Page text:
So there are only fairly small "gaps" between Mars and the belt and between Jupiter and the belt. Object's placed there wouldn't likely be stable for the "long term". But "long term" means a something a bit different in astronomical terms vs. human terms. For example, the orbital precession of planetary orbits is measured in fractions of degrees per century.
 
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  • #6
Albertgauss
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That last graph helped a lot. I realize I was visualizing the asteroid belt as a thin layer (radially)) between Mars and Jupiter, which was wrong, so the graph there helped to correct that the asteroid belt really does extend, comparatively, from Mars to Jupiter.

I think I'm good here. If people have other comments, by all means, post them, but I feel I have the information I wanted. Thanks for your help everyone.
 
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  • #7
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For visualization of Kirkwood gaps, see:
https://en.wikipedia.org/wiki/Kirkwood_gap#/media/File:Kirkwood_Gaps.svg
This graph does not extend to especially 5 AU of Jupiter. I have seen some that do.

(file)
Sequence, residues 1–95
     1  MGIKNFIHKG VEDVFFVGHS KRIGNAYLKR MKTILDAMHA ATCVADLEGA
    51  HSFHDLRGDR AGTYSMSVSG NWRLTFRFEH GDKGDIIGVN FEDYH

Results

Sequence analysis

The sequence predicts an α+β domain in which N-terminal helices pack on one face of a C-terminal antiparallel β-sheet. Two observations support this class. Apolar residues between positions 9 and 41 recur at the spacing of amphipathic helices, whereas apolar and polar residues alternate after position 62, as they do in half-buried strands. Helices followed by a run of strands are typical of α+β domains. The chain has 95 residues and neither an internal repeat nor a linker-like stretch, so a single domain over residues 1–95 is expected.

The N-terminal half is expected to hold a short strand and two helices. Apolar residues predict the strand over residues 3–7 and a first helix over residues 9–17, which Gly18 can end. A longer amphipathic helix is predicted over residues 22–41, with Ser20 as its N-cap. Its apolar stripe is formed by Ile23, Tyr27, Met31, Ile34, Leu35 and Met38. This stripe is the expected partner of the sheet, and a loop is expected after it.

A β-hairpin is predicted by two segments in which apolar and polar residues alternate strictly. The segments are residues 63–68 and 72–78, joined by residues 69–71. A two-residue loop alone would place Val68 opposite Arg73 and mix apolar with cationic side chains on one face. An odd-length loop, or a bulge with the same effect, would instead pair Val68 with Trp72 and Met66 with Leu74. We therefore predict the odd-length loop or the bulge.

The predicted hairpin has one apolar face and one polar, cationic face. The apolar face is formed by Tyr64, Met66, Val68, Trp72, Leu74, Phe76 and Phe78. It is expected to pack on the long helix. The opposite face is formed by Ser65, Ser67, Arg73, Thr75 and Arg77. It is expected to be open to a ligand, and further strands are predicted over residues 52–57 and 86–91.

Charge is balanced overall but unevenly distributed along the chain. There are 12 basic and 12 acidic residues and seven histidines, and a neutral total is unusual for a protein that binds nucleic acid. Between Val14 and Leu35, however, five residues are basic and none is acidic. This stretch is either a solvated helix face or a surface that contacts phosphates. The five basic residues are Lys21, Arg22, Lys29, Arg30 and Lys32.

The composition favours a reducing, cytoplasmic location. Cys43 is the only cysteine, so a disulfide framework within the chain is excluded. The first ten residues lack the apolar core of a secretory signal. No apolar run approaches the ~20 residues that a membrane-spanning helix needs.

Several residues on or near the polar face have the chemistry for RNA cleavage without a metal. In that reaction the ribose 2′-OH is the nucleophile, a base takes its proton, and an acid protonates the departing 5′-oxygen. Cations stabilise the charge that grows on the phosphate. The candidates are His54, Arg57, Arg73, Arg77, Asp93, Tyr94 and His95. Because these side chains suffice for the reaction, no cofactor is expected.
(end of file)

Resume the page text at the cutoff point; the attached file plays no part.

But in terms of broad regions, shortage of asteroids there does not prove instability. Narrow gaps do... but the instability of Kirkwood gaps is said to be on timescale of a few million years. Not a few tens.
 
  • #8
stefan r
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The Hilda group asteroids are worth looking at. They are effected by Jupiter but never run into any planets.

If you are looking for a safe place for a station the Kirkwood gaps might be a good choice because asteroids do not have stable orbits there.

A better place for a station might be the Trojan orbits. If your colonists plan to come and go from the station then you want a low delta-v to flyby Jupiter. The tendency toward throwing things into new orbits is a feature when your economy depends on transporting supplies (or people) in and out of other orbits.

Some stations might be described as a mining operation on an asteroid. In that case an asteroid close to an unstable orbit is a better asteroid. You set the outpost on such an asteroid and give it a slight nudge. Dangerous mining tailings could be dumped into a collision course. Valuable resources are tossed toward consumers.
 
  • #9
Albertgauss
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That's really great, Stefan r. I never even heard of the Hildas until now. I'm already reading about them thanks to your post. Thank you for mentioning that, Its really cool!
 
  • #10
ohwilleke
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Also, if a space station is in a marginally unstable orbit, even on a scale of several times around the Sun, that is tolerable, because unlike asteroids, the space station can be tweaked into position with a slight amount of thrust (either integral to the facility or applied with an external craft) now and then.